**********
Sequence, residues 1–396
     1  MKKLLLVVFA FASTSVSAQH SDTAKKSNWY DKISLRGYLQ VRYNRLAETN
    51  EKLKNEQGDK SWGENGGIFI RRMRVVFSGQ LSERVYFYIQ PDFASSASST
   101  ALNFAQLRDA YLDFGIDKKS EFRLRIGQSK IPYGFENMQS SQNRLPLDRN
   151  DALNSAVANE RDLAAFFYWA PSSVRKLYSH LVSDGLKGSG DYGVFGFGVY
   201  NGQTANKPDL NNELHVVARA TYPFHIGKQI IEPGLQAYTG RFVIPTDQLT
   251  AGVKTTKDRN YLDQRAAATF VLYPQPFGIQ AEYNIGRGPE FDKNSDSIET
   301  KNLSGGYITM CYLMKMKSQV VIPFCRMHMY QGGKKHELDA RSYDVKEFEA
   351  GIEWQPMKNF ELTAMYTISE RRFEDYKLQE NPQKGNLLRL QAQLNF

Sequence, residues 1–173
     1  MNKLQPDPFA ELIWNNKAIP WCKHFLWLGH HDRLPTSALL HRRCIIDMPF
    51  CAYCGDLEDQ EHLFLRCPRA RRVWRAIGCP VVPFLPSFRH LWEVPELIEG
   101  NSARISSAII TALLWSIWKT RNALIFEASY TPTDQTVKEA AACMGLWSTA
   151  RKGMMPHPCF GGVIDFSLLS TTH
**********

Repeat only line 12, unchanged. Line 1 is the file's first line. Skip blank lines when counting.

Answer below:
    51  CAYCGDLEDQ EHLFLRCPRA RRVWRAIGCP VVPFLPSFRH LWEVPELIEG